Loneliness is the focus of mental health week this year, and it prompted our director Claire Gray, as an employer to look at workplace loneliness. Something that has grown over the pandemic and the increasing work from home culture that was forced upon us and now increasingly adopted as part of many organisations working patterns. Below Claire shares her thoughts on this.

We spend more of our day time at work, and with our colleagues, than with many other important people in our lives. Even in the home/office hybrid work patterns, they may be the people you interact with most.

Workplace loneliness really encompasses feeling like an outsider in your place of employment. This in turn leads to disengagement and a feeling of being disconnected from work, and the team and colleagues. Once employees feel they aren’t included, or part of their team and notice connections amongst others that they don’t feel themselves, they become emotionally detached from their team and the company, and ultimately its overall success. The lack of belonging is a very debilitating feeling. We have probably all experienced this to a greater, or lesser degree in our lives and can all relate to this feeling on some level. Feeling like this reduces your commitment and feeling of being part where you work, and it’s easy to then start pulling away from getting involved with your team and colleagues and steering clear of any events or after work social activities. This is not good for anyone, and I wanted to think about how we could all tune into this more, notice more and follow some simple steps to make sure no one you work with or in your office is suffering in this way.

One of the six values we have at Bain and Gray is inclusion. This is because it is essential to every aspect of our business, in the way we source and recruit candidates, to the way we work as a team and operate as a company.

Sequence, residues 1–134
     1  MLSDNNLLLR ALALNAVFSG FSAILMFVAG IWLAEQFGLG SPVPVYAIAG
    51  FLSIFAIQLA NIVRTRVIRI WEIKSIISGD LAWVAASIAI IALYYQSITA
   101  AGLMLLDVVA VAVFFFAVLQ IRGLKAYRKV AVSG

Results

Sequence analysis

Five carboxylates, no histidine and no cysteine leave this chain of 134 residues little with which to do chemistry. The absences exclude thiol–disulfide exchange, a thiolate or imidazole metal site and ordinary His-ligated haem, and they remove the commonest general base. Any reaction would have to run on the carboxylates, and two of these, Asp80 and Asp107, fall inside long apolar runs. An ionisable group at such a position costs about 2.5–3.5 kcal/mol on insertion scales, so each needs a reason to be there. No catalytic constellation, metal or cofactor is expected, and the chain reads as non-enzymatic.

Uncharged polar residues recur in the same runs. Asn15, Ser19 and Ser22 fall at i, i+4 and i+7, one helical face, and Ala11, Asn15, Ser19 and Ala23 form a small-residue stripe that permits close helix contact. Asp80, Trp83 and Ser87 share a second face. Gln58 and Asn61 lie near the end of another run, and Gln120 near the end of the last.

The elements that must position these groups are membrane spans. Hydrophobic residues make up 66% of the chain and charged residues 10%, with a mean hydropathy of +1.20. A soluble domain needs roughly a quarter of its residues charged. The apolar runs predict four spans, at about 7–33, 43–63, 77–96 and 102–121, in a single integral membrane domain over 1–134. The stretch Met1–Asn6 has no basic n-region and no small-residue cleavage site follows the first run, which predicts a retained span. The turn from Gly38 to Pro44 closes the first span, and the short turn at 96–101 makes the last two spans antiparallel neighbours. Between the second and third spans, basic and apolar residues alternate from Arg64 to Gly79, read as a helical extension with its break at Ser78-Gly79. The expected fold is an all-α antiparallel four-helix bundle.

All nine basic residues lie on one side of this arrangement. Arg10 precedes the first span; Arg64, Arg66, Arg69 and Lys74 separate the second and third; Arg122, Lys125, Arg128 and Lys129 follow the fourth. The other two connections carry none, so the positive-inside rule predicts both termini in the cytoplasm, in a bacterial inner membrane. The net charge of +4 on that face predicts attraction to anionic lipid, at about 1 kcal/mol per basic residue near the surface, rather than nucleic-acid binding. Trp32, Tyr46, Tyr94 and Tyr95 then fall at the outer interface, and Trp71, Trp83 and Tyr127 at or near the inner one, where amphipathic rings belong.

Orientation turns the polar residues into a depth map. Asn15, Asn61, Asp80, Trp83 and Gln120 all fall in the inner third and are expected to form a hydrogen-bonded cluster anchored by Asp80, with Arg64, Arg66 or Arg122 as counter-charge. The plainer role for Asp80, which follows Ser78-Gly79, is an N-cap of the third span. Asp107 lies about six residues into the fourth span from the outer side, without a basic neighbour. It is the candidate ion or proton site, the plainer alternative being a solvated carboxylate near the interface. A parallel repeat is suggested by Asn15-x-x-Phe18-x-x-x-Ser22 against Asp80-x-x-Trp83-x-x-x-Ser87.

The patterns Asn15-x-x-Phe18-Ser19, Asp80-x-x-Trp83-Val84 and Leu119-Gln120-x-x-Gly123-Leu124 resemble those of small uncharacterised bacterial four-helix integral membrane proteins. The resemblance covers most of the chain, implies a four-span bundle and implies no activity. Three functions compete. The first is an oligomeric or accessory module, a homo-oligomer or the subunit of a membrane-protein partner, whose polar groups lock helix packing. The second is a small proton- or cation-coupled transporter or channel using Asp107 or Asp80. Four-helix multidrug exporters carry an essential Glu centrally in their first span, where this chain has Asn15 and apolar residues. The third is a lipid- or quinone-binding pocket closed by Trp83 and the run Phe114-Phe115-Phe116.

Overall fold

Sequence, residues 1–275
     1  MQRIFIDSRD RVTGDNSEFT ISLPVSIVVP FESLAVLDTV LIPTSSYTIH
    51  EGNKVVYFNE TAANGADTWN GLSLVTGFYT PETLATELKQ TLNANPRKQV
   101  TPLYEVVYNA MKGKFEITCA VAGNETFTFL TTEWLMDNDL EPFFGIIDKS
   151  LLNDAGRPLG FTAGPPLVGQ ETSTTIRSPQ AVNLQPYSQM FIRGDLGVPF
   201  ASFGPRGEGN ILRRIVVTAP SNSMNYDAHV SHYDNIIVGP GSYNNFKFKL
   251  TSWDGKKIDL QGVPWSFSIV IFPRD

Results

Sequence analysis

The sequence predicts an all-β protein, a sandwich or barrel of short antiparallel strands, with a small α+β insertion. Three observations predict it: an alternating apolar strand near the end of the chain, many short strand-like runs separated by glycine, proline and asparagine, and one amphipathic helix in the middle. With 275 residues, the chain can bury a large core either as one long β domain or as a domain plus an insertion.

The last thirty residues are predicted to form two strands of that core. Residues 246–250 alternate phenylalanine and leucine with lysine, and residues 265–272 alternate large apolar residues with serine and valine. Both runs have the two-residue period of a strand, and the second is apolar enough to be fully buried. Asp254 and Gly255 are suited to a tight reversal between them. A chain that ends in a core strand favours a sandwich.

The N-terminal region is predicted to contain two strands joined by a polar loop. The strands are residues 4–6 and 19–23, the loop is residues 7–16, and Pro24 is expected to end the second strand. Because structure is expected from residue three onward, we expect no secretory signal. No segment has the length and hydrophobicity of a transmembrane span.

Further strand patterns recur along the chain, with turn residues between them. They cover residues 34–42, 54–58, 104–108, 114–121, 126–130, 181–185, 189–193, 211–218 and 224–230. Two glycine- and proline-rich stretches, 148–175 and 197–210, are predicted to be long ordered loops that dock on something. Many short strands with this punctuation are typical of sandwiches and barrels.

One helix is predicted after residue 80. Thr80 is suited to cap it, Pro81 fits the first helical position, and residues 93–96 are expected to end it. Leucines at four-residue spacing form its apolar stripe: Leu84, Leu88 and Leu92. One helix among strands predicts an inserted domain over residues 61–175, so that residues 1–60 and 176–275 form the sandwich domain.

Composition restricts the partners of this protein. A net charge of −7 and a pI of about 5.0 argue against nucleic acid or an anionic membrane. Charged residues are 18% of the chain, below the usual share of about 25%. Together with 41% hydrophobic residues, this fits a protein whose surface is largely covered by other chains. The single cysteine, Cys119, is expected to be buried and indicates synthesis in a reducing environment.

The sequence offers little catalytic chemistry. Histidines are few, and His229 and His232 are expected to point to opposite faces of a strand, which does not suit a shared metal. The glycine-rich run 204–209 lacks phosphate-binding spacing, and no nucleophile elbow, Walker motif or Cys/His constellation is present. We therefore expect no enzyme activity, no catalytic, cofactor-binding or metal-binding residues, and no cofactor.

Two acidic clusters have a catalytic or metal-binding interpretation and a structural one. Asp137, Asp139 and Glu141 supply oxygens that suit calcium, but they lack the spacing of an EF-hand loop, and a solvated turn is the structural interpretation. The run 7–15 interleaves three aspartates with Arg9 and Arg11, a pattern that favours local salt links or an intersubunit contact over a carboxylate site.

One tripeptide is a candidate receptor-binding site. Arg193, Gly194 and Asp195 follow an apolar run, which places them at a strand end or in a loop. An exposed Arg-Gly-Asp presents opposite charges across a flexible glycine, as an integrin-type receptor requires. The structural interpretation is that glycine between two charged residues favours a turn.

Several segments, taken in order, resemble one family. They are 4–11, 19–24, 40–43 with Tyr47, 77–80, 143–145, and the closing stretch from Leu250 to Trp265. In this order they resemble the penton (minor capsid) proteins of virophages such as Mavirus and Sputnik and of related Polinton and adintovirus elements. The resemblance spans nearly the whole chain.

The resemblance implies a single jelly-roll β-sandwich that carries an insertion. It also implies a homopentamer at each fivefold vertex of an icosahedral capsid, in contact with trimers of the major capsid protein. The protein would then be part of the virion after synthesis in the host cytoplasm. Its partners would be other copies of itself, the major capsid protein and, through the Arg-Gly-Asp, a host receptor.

Small steps can make big differences:

1. Assess the Situation. See who is in the background, who isn’t coming forward, who needs including and bringing into the company.

2. Change Your Way of Working. Bring your teams together, collaborate with ideas and encourage discussions – everyone should have a voice and feel their opinions matter.

3. Build a Team That Has a Shared Direction. Teams are so important in companies, mixed abilities, skills and views make for a rich and successful team with a common and clear end goal and direction.

4. Encourage Good Relationships. This seems obvious, but good relationships at work are key to workplace happiness. Bring teams and different groups within the company together socially as well as in the work place – a carefully thought through fun day or evening out can build really fantastic and long standing friendships and cohesiveness within a company.

5. Take an Interest in People's Lives. Asking how someone’s weekend was, or what they are doing after work, can open up all sorts of insights and interests that your colleagues may have. It is important to know the whole person and their lives outside work. It may throw up common interests and new friendships. Being interested is everything.

6. Remember the Little Things. Always, everyone notices the little things and they matter just as much as the grand gestures – daily care and consideration is small but so important. As well as small kind acts, including noticing a kindness or help with a ‘thank you that was really helpful’ makes people feel valued and included.

7. Tackle Exhaustion. Encourage holidays when your team are tired – exhausted people retreat from work, they wilt under pressure and are likely not to make decisions.

8. Virtual Colleagues. In this hybrid working world don’t forget your virtual colleagues – communicate, stay in touch, include everyone – all are important to the happy workplace.